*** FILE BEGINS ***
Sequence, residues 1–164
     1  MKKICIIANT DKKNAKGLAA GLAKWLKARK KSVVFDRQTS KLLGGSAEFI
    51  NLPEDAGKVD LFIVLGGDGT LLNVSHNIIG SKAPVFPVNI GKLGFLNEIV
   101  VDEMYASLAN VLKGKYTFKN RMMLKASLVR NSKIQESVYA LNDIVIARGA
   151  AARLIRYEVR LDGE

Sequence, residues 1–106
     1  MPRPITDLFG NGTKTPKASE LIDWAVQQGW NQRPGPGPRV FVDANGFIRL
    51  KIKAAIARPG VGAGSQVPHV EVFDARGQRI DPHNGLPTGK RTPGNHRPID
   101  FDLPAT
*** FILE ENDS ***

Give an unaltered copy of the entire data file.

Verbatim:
Sequence, residues 1–164
     1  MKKICIIANT DKKNAKGLAA GLAKWLKARK KSVVFDRQTS KLLGGSAEFI
    51  NLPEDAGKVD LFIVLGGDGT LLNVSHNIIG SKAPVFPVNI GKLGFLNEIV
   101  VDEMYASLAN VLKGKYTFKN RMMLKASLVR NSKIQESVYA LNDIVIARGA
   151  AARLIRYEVR LDGE

Sequence, residues 1–106
     1  MPRPITDLFG NGTKTPKASE LIDWAVQQGW NQRPGPGPRV FVDANGFIRL
    51  KIKAAIARPG VGAGSQVPHV EVFDARGQRI DPHNGLPTGK RTPGNHRPID
   101  FDLPAT